Giving Thanks.

Friends, I hope you all had a wonderful Thanksgiving. I’m thankful for many things this year – one of which was the Friendsgiving I attended. I spent the morning cleaning and cooking and missing my family, but as I walked into my friends’ home, I could hardly believe how much life and joy was gathered there.

Partway through the meal, I realized my cheeks hurt from smiling, and friends, this was truly a Thanksgiving miracle. For the better part of the last few months, I’ve been feeling very down. I miss a workout; the dishes stay in the sink overnight. Junk mail begins to clutter the bench in the entryway. I think about going to the gym, but it’s dark and cold outside. I wash the skillet but cannot…possibly…tackle the water bottles, which gather condensation from the old water I didn’t even bother to dump out, which probably now has Legionnaire’s disease, and then, suddenly, it’s all too much.

I’m a privileged person. I have a wonderful family and lots of friends and a very good job. I’m physically healthy. I have lots of opportunity. But sometimes, for whatever reason, I get pulled under. I often experience a tremendous amount of anxiety. Things dial up louder and more insistent until I don’t feel at home in my own mind, and that is hard to sustain. So, I think, my precious body tries so hard to protect me by dialing everything way down, making it (ironically) harder to work out and cook and meditate and do all those things that I know make everything better.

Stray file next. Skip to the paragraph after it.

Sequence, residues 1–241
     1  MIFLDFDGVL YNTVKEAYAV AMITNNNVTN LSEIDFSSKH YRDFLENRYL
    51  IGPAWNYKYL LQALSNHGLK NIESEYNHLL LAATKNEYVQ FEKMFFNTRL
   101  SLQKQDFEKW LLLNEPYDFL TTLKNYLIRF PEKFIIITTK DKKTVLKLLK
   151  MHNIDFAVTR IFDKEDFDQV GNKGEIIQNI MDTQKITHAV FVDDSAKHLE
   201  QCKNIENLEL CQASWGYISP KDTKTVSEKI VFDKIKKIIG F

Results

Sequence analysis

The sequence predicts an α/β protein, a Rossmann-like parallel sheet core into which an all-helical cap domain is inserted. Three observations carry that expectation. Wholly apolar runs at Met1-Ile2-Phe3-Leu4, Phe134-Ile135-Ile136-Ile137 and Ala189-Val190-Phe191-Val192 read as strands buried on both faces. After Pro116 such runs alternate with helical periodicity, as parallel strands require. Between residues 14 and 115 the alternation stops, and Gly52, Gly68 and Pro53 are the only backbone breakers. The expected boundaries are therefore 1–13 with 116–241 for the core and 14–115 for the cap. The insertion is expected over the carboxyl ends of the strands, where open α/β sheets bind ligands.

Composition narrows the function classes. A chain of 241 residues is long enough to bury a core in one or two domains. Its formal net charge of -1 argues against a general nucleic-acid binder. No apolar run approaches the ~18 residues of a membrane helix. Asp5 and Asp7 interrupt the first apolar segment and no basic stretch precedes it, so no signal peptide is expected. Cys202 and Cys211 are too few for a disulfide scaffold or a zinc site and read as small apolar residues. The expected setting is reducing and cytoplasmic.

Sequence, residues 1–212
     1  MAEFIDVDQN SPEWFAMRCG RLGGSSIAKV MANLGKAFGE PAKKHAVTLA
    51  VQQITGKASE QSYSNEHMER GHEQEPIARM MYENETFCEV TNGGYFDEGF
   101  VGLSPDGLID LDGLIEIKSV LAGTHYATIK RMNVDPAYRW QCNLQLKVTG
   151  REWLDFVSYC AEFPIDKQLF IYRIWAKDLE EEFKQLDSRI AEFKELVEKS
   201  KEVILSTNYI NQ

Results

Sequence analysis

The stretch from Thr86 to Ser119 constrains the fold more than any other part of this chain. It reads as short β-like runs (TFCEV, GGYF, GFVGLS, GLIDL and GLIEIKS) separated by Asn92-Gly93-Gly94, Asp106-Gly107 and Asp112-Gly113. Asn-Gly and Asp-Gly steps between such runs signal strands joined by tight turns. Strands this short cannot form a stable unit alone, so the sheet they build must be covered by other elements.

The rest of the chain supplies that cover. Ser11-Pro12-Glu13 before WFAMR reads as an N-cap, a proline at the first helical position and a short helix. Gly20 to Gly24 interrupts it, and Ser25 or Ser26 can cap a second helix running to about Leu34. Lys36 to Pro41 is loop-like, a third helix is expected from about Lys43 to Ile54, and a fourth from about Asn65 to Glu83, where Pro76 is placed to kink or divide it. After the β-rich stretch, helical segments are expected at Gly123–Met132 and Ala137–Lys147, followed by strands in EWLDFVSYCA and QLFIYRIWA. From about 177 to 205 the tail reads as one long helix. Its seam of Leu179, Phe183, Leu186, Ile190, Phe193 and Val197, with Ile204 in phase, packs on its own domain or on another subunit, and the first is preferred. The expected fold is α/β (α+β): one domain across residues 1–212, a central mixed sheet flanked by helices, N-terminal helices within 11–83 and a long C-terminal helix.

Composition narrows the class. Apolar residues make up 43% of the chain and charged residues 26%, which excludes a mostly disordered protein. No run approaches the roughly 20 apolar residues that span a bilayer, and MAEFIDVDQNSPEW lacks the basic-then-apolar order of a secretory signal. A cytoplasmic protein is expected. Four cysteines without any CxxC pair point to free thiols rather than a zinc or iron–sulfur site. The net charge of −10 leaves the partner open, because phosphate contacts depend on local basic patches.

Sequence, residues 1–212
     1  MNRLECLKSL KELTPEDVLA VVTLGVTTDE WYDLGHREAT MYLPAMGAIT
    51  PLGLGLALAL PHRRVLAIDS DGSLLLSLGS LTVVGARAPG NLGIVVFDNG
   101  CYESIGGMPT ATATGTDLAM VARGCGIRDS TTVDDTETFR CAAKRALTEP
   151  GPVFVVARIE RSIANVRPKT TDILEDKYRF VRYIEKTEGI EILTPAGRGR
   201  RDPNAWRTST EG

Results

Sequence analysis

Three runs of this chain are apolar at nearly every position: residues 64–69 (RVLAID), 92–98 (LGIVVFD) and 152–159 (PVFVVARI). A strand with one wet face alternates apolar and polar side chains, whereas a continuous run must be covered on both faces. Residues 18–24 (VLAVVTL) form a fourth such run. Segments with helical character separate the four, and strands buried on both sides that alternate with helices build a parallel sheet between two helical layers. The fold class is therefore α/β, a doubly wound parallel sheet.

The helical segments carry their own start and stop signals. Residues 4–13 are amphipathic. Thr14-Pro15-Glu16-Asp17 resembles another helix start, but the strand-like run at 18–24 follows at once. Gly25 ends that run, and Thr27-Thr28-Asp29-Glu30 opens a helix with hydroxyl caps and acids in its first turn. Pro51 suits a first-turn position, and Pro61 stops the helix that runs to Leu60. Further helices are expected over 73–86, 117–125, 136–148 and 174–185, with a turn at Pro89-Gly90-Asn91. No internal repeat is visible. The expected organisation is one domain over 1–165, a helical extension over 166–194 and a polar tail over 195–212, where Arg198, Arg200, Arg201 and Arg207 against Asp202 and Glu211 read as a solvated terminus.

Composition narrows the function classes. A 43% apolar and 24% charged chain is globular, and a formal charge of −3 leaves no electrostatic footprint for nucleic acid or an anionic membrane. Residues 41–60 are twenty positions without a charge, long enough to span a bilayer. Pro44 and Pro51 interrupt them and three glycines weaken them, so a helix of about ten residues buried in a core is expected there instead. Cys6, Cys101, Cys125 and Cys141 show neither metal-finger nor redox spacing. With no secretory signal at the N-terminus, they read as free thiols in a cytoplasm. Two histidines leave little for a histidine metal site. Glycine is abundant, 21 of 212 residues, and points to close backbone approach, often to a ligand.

When these feelings get out of balance, it’s hard to feel like a good and worthy person. It’s hard to imagine feeling better. Sometimes the best I can do is to remind myself it won’t always be like this.

So I go to the gym, even though it actually feels impossible and foreign. And then I feel like I can wash the water bottles, which, come to think of it, probably aren’t filled with Legionnaire’s disease. I do a 10-minute meditation. I pull out the cutting board and chop some vegetables. I make a coffee using my beautiful new Nespresso machine, and for a few quiet moments, I delight in how the brewing coffee, which smells like heaven, has fogged up the front of the machine.

I find myself with sore cheeks from laughing at a table filled with friends. I lay down on my bed, where my dog (who really needs a bath) has curled herself in between the pillows. She is breathing deeply and smells like sleep, and she rests her head against mine. As her whiskers tickle my eyelashes, I am bowled over by how good my life is – how real and sweet and vital it all is.

So today I’m grateful to be here, exactly where and who I am in this moment. The prodigal daughter returning home to myself, where life is waiting to welcome me back with joy and beauty and bounty.

orange pumpkins on table

Photo by Valeriia Miller on



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